the Damaged Vehicle Information Act Congressman Cliff Stearns (R-FL), Chairman of the House Energy and Commerce
Committee’s Subcommittee on Oversight and Investigations, introduced H.R. 164 on January 5, 2011. To date the bill has no cosponsors. The bill was referred to the Committee on Energy and Commerce. The bill directs the U.S. Department of Transportation’s National Highway Traffic Safety Administration (NHTSA) to issue a regulation to require greater disclosure of information relating to the market value and safety of damaged motor vehicles. Specifically, it requires all persons who terminate a contract related to a motor vehicle due to flood or water damage, collision, fire damage, theft and recovery, or any other circumstance that adversely affects the fair market value of such motor vehicle, to disclose to the public, in a commercially reasonable, electronically accessible manner, the following: the vehicle identification number of the motor vehicle; the date of the termination of the contract; the odometer reading of the motor vehicle on the date of the termination of the contract; whether, as a result of the incident that resulted in the termination of the contract, one or more airbags in the motor vehicle were deployed; and, the cause of the termination of the contract, including whether such cause was flood or water damage, collision, fire damage, theft and recovery, or another cause. The proposed legislation also states that the private sector will be responsible to collect, aggregate and disclose to the public the fair market value and safety information with respect to the damaged vehicle and all such information shall be accessible by vehicle identification number. In January 2009, The National Motor Vehicle Title Information System was implemented, providing a national database of vehicles compiled from state, salvage and insurer reporting. It requires insurance companies and salvage yards to report vehicles that are severely damaged or totaled, giving consumers access to such information as odometer readings and theft records. The implementation stemmed from a 2008 court case in which Public Citizen Inc. filed the suit to fight for a used car database that was established by Congress in 1992 in the Anti-Car Theft Act. However, the U.S. Department of Justice had never made the system available to the public. Status UPDATE: unchanged from the March report.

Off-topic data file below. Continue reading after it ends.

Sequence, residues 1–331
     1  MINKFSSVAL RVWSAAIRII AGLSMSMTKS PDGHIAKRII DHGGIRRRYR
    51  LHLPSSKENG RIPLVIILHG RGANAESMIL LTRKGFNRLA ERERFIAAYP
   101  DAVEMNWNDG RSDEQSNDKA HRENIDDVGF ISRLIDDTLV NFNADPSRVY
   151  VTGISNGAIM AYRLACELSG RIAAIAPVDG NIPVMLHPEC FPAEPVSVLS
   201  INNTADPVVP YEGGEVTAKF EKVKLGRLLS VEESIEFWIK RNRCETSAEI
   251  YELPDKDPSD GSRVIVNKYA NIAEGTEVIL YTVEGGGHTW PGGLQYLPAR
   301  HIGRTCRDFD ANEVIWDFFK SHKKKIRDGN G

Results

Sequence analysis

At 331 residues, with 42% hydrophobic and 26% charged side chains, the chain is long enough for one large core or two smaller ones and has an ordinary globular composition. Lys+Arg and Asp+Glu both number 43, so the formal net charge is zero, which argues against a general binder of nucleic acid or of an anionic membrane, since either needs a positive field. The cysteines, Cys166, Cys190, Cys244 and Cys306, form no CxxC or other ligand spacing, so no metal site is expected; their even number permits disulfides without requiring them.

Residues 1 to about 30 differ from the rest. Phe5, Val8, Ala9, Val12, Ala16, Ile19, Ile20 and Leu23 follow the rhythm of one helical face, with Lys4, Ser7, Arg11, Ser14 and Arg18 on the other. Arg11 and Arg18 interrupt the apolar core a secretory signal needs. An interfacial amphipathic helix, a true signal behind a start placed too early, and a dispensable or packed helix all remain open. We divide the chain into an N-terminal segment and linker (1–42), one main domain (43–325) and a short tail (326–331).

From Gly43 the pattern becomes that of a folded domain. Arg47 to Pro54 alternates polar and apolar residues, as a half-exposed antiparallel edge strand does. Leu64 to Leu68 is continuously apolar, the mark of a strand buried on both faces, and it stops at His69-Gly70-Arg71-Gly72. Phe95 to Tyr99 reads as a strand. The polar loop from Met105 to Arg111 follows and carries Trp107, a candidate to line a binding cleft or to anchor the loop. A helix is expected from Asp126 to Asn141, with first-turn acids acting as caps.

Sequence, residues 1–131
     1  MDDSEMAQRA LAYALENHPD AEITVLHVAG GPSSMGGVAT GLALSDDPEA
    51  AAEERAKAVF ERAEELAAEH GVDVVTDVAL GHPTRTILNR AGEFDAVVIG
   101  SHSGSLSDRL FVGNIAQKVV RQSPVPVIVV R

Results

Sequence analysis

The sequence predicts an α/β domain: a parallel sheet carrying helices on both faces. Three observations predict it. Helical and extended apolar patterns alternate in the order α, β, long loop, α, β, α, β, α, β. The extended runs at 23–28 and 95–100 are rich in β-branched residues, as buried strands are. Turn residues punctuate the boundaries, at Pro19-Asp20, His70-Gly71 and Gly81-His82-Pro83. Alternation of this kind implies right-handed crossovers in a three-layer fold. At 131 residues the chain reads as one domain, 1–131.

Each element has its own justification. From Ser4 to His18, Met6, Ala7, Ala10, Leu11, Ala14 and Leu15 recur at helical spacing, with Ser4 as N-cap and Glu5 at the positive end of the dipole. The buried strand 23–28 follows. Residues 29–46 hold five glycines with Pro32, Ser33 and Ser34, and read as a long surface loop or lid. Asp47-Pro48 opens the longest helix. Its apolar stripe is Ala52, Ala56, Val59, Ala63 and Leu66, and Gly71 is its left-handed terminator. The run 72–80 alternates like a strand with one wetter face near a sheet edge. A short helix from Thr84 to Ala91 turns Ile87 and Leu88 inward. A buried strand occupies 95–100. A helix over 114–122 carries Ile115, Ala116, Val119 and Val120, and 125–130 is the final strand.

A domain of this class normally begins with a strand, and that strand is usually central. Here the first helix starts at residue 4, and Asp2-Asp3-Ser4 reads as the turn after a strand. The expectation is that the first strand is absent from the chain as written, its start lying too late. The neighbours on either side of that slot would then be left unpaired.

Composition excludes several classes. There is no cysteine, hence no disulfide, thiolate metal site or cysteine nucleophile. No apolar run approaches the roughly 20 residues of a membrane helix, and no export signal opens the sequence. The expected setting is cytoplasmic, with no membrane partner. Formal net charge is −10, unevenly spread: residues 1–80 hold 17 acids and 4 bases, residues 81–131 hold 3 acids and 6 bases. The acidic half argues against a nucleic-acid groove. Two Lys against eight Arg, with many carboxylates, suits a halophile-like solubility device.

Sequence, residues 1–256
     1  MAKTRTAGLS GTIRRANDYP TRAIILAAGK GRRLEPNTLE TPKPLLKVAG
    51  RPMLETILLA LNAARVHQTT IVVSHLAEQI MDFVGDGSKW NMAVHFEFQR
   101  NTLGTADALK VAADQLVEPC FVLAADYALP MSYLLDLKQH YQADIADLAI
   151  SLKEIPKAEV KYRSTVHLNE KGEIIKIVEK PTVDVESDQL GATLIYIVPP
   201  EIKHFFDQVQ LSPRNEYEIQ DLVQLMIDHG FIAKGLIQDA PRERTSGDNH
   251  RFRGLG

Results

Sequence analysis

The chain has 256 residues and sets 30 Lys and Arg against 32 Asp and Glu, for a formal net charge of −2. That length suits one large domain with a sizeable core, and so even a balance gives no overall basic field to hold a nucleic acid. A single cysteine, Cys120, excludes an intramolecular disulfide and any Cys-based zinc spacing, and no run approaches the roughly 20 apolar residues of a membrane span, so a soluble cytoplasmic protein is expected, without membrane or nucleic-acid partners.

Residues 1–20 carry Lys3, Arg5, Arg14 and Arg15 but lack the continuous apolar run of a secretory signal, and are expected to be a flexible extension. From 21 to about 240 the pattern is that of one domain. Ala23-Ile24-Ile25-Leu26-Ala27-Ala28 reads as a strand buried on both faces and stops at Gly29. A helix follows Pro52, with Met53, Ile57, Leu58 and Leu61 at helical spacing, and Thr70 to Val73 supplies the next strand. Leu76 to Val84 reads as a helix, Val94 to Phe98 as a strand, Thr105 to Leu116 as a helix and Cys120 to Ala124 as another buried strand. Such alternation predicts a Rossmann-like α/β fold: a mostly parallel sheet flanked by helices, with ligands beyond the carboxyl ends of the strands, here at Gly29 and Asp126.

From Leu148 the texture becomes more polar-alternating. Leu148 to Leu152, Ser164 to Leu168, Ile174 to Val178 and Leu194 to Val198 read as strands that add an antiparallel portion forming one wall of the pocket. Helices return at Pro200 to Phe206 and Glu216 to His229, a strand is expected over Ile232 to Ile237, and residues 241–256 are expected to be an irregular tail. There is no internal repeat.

SUMMER 2012 | THE VIRGINIA INDEPENDENT NEWS |